Public Debt and the Great Meltdown

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According to Paul Krugman, Germany’s finance minister, Wolfgang Schäuble, gave a speech today in which he said:

It’s actually undisputed among economists worldwide that one of the main causes – if not the main cause – of the turbulence – not just now, but already in 2008 – was excessive public debt everywhere in the world.

Say what? Krugman points out that he and Brad DeLong and Christina Romer, among others, dispute this, but I’d go much, much further. Two years ago I jotted down a list of all the common explanations for the financial meltdown that were then making the rounds, and out of 18 items there wasn’t a single one related to public debt. That doesn’t mean that literally no one was talking about this, but it does mean that it was uncommon enough that I hadn’t heard it. That makes it pretty uncommon.

Now, since then, there’s no question that Ken Rogoff and Carmen Reinhart have popularized the notion that public debt is bad news for economic recovery. But as far as I know, even they don’t suggest that it was the cause of the 2008 collapse. So what is Schäuble talking about? Well, Ambrose Evans-Pritchard reports on things that a few other Germans are saying today:

German President Christian Wulff has accused the European Central Bank of violating its treaty mandate with the mass purchase of southern European bonds. In a cannon shot across Europe’s bows, he warned that Germany is reaching bailout exhaustion and cannot allow its own democracy to be undermined by EU mayhem.

….The blistering attack follows equally harsh words by the Bundesbank in its monthly report. The bank slammed the ECB’s bond purchases and also warned that the EU’s broader bail-out machinery violates EU treaties and lacks “democratic legitimacy”.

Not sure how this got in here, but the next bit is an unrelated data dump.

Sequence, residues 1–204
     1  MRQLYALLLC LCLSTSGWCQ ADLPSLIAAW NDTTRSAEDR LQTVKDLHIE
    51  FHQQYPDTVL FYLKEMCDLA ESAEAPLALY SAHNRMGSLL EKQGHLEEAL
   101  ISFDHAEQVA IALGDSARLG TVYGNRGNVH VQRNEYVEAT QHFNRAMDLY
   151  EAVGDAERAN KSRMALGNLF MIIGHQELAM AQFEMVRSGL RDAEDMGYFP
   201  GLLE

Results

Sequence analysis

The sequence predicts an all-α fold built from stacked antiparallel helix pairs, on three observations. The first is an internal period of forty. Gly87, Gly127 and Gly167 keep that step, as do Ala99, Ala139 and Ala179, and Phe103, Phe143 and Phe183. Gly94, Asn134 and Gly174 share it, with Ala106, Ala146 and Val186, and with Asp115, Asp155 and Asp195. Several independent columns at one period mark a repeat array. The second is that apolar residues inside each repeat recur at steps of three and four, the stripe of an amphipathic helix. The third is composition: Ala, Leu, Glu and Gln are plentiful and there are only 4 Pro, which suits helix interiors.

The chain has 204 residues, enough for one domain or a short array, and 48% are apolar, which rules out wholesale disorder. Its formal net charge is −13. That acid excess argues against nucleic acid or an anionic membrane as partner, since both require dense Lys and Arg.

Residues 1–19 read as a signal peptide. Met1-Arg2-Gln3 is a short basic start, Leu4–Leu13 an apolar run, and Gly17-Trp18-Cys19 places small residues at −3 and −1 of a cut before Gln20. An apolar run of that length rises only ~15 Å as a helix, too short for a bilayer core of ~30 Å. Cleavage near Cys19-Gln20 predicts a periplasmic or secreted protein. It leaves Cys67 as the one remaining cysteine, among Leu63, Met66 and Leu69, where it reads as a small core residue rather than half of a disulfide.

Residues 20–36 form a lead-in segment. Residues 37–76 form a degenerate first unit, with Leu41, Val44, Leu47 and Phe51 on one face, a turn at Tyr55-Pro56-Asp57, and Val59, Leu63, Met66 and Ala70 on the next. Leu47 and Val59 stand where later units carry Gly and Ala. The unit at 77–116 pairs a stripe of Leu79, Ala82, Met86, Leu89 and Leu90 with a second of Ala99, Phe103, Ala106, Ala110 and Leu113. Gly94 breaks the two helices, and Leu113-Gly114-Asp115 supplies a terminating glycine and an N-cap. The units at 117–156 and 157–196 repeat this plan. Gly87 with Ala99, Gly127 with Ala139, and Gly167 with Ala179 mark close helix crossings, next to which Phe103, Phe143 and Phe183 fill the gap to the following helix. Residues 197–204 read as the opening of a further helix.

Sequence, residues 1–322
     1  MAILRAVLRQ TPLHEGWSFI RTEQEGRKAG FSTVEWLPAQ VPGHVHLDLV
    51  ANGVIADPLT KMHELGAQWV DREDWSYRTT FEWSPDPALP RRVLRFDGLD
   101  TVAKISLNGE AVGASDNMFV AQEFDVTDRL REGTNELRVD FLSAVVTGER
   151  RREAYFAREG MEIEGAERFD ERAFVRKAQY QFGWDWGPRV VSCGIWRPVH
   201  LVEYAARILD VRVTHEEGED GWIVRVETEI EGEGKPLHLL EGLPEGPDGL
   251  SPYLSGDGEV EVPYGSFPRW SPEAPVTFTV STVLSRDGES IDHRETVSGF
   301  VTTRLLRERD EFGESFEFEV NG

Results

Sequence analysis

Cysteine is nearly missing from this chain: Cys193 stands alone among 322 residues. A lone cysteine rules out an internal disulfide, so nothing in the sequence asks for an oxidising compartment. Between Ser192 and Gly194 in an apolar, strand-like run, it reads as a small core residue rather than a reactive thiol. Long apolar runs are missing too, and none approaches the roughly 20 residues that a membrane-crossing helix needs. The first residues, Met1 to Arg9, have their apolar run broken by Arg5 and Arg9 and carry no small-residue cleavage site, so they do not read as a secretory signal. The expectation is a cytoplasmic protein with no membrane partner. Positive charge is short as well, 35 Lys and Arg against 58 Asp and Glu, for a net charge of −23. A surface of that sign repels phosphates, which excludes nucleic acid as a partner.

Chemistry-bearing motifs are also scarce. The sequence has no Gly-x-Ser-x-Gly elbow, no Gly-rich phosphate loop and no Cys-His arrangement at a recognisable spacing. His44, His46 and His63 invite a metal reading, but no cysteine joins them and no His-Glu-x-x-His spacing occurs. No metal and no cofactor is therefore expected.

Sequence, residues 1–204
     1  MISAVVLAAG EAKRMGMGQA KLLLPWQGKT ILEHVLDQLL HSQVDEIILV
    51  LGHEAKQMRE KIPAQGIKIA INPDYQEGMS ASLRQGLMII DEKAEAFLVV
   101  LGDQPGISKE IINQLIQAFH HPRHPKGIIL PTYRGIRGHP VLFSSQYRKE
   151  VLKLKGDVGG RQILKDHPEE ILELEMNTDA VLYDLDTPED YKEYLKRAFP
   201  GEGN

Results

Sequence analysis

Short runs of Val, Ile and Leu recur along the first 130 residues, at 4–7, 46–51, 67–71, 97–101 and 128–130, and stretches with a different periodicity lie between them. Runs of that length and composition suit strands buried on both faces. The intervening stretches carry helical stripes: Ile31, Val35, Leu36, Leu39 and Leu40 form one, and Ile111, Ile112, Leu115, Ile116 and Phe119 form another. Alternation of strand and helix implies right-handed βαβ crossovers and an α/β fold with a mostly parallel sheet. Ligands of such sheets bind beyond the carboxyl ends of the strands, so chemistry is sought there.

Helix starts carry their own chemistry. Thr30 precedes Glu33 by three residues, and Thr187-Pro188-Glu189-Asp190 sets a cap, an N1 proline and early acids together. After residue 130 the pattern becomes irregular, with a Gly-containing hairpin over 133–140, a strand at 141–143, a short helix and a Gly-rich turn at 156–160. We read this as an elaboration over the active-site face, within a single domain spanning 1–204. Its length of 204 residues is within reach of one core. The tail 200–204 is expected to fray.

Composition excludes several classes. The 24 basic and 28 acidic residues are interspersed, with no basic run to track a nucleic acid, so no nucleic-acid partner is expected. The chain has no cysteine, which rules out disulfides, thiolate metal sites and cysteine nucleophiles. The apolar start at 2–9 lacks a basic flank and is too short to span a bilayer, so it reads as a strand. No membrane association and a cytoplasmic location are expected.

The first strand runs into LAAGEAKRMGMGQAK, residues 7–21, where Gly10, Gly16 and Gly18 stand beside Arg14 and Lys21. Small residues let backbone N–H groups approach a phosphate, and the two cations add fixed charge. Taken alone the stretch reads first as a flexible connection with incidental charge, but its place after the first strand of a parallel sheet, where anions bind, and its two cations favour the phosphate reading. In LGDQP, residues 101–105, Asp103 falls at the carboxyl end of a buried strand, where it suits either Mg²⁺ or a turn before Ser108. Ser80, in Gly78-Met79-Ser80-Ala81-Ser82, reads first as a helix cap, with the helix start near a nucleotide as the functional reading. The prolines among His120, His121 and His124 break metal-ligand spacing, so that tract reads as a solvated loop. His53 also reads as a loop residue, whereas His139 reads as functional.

….Chancellor Angela Merkel has struggled all this week to placate angry critics of her bailout policies within the Christian Democrat (CDU) party. Labour minister Ursula von der Leyen said countries that need rescues should be forced to put up their “gold reserves and industrial assets” as collateral, a sign that rising figures within the CDU are staking out eurosceptic positions as popular fury mounts.

….Mr Wulff said Germany’s public debt has reached 83pc of GDP and asked who will “rescue the rescuers?” as the dominoes keep falling. “We Germans mustn’t allow an inflated sense of the strength of the rescuers to take hold,” he said.

So: Germany is (understandably) unhappy about having to bail out the PIIGS and equally unhappy that this rescue will probably require them to substantially increase their own public debt. Politically, this means they need to badmouth public debt, so that’s what they’re doing. Schäuble is just taking a bit more dramatic license about it than the others. That will probably earn him points both at home and with the GOP’s deficit hawks here in America, but it doesn’t make him right. Debt was indeed a major cause of the 2008 financial collapse, but not the public variety. The private financial sector managed it all on its own.

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And the truth is, going into the final 4 days of the year we still needed to raise $TK to hit our $350,000 goal and start 2021 on track. It's nerve-wracking, wondering if the big spike we normally see at the end of December is going to be another thing that doesn't go as planned in 2020, or worse, if, now that Donald Trump is set to leave the White House (for longer than a taxpayer-funded golf trip to a property he owns), folks might be pulling back from fighting for the truth and a democracy and think the hard work is done.

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